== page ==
More challenges await. The CNMI’s economy is undergoing a seismic shift, shedding its historic reliance on foreign contract workers in favor of a home-grown and American workforce. It will put a heavy burden on the college’s workforce development efforts..
The economic shift has its roots in the scandals of the late 1990s and early 2000s, when it was revealed that Saipan was home to two dozen garment factories where imported contract workers were forced to toil in slave-like conditions. The island was an inviting site for the socalled sweatshops. Employers were exempt from paying the federal minimum wage. The workers had few rights and could note vote. The commonwealth had its own immigration system.
After the sweatshop furor — which ensnared high-powered Washington lobbyist Jack Abramoff and former House Majority Leader Tom Delay — CNMI immigration and labor laws were federalized under a bill signed by President George W. Bush in 2008. Most of the garment factories closed their doors and left the island, but about 10,000 contract workers, most from the Philippines and Asia, remain on the island today. Many are highly educated. They include a portion of the college’s faculty.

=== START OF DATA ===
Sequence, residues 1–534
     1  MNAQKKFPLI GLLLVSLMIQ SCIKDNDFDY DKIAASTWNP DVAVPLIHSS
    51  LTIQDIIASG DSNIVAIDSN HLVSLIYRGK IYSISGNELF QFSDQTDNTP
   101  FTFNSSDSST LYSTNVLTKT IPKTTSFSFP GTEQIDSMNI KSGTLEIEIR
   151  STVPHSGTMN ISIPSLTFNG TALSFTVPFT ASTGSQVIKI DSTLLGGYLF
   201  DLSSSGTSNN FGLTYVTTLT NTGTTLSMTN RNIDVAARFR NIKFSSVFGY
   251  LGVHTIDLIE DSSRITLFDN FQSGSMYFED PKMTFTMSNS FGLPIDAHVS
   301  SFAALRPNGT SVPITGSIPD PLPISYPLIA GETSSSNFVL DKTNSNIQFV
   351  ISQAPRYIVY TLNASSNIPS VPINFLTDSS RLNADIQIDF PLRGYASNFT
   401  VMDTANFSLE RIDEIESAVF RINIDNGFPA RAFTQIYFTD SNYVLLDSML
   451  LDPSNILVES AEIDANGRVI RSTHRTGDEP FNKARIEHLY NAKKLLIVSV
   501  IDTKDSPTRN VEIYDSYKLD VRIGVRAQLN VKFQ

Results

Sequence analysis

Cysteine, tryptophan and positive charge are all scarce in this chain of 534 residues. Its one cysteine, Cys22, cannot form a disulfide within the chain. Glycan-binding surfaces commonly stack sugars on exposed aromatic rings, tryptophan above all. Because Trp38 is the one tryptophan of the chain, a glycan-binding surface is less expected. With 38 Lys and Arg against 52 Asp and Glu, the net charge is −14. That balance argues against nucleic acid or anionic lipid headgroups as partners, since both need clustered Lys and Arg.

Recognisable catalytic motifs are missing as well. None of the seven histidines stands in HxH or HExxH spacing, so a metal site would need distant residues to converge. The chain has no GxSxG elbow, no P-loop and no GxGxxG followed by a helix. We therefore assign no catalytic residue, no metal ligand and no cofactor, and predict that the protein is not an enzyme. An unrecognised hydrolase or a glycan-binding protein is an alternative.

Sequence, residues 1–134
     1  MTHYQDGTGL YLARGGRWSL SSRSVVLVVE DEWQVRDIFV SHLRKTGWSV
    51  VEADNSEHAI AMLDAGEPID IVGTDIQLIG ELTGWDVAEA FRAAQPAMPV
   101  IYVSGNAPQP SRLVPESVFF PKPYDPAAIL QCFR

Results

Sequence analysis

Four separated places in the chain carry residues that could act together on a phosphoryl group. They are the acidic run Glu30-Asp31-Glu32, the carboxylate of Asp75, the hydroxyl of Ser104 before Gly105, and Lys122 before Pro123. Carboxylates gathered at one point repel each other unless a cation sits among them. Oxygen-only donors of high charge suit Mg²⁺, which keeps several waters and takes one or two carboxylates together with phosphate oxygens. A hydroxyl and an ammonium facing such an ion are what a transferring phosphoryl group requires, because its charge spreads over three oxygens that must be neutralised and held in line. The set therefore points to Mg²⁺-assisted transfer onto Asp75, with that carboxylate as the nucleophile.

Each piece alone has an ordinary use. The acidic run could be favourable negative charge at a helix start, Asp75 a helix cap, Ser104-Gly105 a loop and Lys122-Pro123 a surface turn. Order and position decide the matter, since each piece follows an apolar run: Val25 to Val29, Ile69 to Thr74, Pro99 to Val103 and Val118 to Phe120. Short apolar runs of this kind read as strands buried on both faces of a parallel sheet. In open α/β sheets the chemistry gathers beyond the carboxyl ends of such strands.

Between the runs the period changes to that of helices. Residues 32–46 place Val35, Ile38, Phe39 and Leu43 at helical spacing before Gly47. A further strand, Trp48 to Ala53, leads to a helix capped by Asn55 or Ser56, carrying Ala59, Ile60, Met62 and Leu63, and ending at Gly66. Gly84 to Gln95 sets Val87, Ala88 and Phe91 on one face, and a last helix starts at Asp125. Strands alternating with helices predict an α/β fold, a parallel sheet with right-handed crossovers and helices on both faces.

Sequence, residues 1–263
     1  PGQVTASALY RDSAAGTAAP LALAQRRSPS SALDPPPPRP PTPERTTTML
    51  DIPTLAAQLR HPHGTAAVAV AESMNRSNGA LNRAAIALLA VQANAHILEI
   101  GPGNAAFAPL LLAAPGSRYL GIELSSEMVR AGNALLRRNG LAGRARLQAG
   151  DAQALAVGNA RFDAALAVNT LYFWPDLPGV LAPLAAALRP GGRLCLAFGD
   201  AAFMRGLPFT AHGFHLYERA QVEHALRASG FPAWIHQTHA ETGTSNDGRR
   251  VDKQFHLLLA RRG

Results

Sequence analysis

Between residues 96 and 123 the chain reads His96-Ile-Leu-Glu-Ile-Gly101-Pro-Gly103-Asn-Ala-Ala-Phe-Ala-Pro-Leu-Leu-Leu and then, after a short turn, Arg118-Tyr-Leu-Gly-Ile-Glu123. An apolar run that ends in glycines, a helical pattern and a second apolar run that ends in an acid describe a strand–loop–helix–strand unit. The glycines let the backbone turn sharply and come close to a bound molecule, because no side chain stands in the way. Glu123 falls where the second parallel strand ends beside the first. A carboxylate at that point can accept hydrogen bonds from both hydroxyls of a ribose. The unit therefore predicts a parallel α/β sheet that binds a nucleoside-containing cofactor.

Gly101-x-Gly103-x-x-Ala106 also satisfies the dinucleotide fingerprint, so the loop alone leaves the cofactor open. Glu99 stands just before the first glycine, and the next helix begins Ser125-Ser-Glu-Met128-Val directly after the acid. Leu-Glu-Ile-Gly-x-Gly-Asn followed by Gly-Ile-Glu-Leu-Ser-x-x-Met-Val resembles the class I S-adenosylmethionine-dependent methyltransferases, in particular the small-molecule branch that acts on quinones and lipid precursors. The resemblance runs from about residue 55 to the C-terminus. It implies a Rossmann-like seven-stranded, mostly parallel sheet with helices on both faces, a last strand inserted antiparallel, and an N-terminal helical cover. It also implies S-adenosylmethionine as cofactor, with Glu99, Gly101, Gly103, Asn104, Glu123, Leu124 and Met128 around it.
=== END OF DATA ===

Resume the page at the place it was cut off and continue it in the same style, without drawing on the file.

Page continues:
Under the new federal law, the foreign workers were to exit the CNMI by Dec. 31, 2014. But Labor Secretary Thomas Perez extended the CNMI’s foreign worker program until 2019.
Between now and then, the college will be primarily responsible for training replacement workers, with meager resources. The college receives only 4 percent of CNMI’s budget and has not increased tuition in nine years. States typically allocate about 10 percent of spending for higher education.
“It’s a huge problem,” Hart said. “We don’t have the money to do it. And now we need to rebuild our campus.”
Hart likely won’t be around when the federal law goes into full effect. She will leave her job next year and hopes to find work on the mainland. In the meantime, she is calling attention to NMC’s plight.
“My goal is to bring our situation to the forefront of the higher education and political community. I would ask our higher education leaders to lobby for equity across the US States and Territories as it relates to higher education.”
“The last four years have been a major challenge for all of us at Northern Marianas College: preparing for and undergoing six separate accreditation visits; the institution placed on Show Cause Status by ACCJC and one step away from loss of accreditation and institutional closure; pressure to address the pending departure of half of the Northern Marianas’ workforce and to train a new workforce with little or no resources to do so; our battle with the U.S. Dept of Education when they notified our two accreditors that an institution can only be under one accreditor, thus eliminating financial aid to 20 percent of our students; our inability to seek funds often available to other states (TAAC- CCT); the technology collapse of Saipan due to the underwater fiber optic break; and, then of course the demolition of the college due to Typhoon Soudelor.
How much more can one chain of small islands and one college endure?”